19th Century Social Reformers Movement in India

By : Neha Dhyani

Updated : Jul 28, 2022, 14:17

During the 19th Century, many Socio-Religious Reform Movements were being followed that were considered unacceptable in a cultured society. India was rigid, casteist, and tilting towards cultural decline due to evil social practices.

A notable few were child marriage, female infanticide, untouchability, the purdah system, polygamy, and caste discrimination. This article details the Socio-Religious Reform Movements that aimed to supersede them.

What is the Socio-Religious Reform Movement?

The 19th Century Socio-Religious Reform Movement were reformist, revivalist, and other issue-based social movements.

They systematically eliminated the evil practices of society. While a few movements focused on modernization, others worked to protect the ancient Indian culture.

19th Century Social Religious Reform Movement Types

The 19th Century Socio-Religious Reform Movement eradicated some of the worst evils of Indian society. Some of these prominent movements were:

Social Reform Movement in India

Year

Brahmo Samaj

1828

Aligarh Movement

1875

Prarthana Samaj

1863

The Theosophical Movement

1875

Ramakrishna Mission

1897

Satyashodhak Samaj

1873

Young Bengal Movement

1820

Widow Remarriage Association

1860

Brahmo Samaj

It is one of the socio-religious reform movements in India founded by Raja Ram Mohan Roy (1772 – 1833) in 1828.

  • The movement came into action to oppose unnecessary rituals, idol worship, belief in more than 1 god, caste pressure, and other social evils like Sati, polygamy, the purdah system, child marriage, etc.
  • Society also aimed to promote women's education and widow remarriage.
  • The Brahmo Samaj was also against following old Hindu superstitions.

Aligarh Movement

Another crucial socio-religious reform movement in the 19th century was the Aligarh movement. Sayyid Ahmed Khan founded it in 1875 at Mohammedan Anglo-Oriental College.

  • The movement got established in the city of Aligarh.
  • The college later became Aligarh Muslim University. The main desire of launching this movement was to offer modern education to Muslims.

Prarthana Samaj

The third socio-religious reform movement in India is known as Prarthana Samaj. The movement was established by Keshub Chandra Sen In 1863.

  • The reform movement orated believing in only one god (monotheism) and condemned the domination of priests and caste supremacy in Bombay.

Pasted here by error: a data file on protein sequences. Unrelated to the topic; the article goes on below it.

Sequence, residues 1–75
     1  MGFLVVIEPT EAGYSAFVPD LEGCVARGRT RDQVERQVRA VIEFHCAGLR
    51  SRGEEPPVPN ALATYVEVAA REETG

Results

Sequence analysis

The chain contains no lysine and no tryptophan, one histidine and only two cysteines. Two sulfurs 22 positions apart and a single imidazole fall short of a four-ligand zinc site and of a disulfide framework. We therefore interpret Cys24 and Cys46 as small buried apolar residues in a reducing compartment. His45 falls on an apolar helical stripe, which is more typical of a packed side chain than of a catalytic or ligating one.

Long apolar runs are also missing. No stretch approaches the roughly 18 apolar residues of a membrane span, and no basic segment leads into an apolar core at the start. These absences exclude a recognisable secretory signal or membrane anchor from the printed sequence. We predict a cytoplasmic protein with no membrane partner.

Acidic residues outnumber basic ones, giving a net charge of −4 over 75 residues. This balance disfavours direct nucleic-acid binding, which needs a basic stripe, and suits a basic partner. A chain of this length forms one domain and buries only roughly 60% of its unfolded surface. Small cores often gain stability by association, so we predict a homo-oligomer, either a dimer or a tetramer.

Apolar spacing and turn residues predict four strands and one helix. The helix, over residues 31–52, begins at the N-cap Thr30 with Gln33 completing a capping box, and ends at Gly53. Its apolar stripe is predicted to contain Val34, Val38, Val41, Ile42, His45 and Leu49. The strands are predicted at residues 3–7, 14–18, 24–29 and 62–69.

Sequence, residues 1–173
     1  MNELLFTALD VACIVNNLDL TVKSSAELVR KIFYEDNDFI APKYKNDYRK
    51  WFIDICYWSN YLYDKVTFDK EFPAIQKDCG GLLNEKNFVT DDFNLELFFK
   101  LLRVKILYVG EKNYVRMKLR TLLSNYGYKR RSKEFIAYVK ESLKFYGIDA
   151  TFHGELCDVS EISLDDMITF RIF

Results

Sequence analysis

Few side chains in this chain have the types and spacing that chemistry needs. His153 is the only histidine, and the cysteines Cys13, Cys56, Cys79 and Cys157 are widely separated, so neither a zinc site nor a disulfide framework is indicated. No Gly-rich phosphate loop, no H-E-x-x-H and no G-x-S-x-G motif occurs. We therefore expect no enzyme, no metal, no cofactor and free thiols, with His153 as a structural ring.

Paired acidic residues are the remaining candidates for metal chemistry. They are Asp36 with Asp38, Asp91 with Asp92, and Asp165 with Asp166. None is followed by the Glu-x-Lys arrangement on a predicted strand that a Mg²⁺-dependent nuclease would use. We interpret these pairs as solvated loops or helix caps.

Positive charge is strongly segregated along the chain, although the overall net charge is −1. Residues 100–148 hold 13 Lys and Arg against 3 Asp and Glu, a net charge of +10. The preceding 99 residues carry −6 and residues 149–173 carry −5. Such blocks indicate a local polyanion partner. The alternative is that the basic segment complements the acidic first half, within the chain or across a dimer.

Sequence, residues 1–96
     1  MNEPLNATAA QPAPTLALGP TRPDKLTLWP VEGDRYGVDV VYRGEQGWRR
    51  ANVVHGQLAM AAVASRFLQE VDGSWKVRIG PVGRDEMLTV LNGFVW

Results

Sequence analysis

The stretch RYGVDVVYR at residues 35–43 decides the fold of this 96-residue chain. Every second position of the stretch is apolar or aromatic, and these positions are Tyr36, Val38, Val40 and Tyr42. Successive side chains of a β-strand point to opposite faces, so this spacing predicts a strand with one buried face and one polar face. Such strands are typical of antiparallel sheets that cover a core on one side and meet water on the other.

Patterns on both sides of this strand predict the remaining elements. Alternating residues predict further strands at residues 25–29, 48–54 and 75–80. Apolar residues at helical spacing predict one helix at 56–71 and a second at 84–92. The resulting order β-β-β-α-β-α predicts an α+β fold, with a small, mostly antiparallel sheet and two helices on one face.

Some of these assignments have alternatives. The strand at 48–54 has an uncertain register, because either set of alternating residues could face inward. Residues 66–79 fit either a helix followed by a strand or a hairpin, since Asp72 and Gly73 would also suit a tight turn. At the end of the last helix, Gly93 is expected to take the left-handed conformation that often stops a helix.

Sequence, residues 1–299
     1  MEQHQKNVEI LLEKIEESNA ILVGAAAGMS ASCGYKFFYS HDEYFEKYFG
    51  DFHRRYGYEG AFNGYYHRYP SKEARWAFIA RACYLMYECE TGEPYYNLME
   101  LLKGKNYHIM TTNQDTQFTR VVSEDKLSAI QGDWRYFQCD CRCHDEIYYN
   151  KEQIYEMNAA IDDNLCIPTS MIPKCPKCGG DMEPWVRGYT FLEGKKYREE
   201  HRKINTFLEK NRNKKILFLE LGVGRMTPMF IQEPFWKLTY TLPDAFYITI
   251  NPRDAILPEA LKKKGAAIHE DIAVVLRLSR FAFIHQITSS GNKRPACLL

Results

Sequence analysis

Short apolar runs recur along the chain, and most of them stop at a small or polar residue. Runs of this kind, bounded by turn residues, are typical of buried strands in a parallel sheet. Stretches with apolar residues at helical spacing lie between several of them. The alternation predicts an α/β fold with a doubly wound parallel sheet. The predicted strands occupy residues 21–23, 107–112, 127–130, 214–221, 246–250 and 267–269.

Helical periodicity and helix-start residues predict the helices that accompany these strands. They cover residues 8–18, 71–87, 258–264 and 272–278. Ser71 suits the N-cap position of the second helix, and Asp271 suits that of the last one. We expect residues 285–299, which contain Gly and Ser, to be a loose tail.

• Veeresalingam, a Telugu reformer, spread the movement's activities in South India.
  • Another great leader was a philosopher known as Chandavarka, who encouraged Prarthana Samaj.

The Theosophical Movement

The next socio-religious reform movement was launched by Madame Blavatsky and Colonel Olcott in New York (later moved to Madras) in 1875.

  • Annie Besant is one of India's most popular social reformers associated with the Theosophical Movement.
  • It facilitated the concept of universal brotherhood, as explained in the Vedas and Upanishads.
  • The movement also promoted the study of Buddhist, Zoroastrian, and Hindu ideologies and emphasized the influence of supernational powers, known as occultism.

Ramakrishna Mission

The next socio-religious reform movement in the 19th century was the Ramakrishna Mission, founded in 1897 by Swami Vivekananda.

  • The main motive of this movement was to spread the teachings of Ramakrishna Paramahansa, Vivekananda's Guru, in Belur near Calcutta.
  • The mission aimed to resist untouchability and the caste system.
  • It propagated Vedanta and concentrated on the fact that all religions are universal.

Satyashodhak Samaj

Jyotirao Govindrao Phule explained the concept of the socio-religious reform movement, termed Satyashodhak Samaj, on 24 September 1873 in Maharashtra.

  • The reform movement campaigned against idol worship and the system of caste.
  • It supported logical thinking and denied following the priests.
  • A particular term for backward castes "'Dalit", was used by Govindrao Phule.

Young Bengal Movement

Henry Louis Vivian Derozio founded the Young Bengal movement in the 1820s. Louis was an Anglo-Indian professor in college in Calcutta.

  • He inspired his students to think freely and analytically.
  • Derozio spread the spirit of freedom, equality, and liberty among all.
  • He was the one to criticize the dominant practices of religion and interrupted changing the Hindu orthodox beliefs.

Widow Remarriage Association

The last socio-religious reform movement was the Widow Remarriage Association. It was started by Pandit Vishnu Shastri, founded in 1860.

19th Century Social and Religious Reform Movements Causes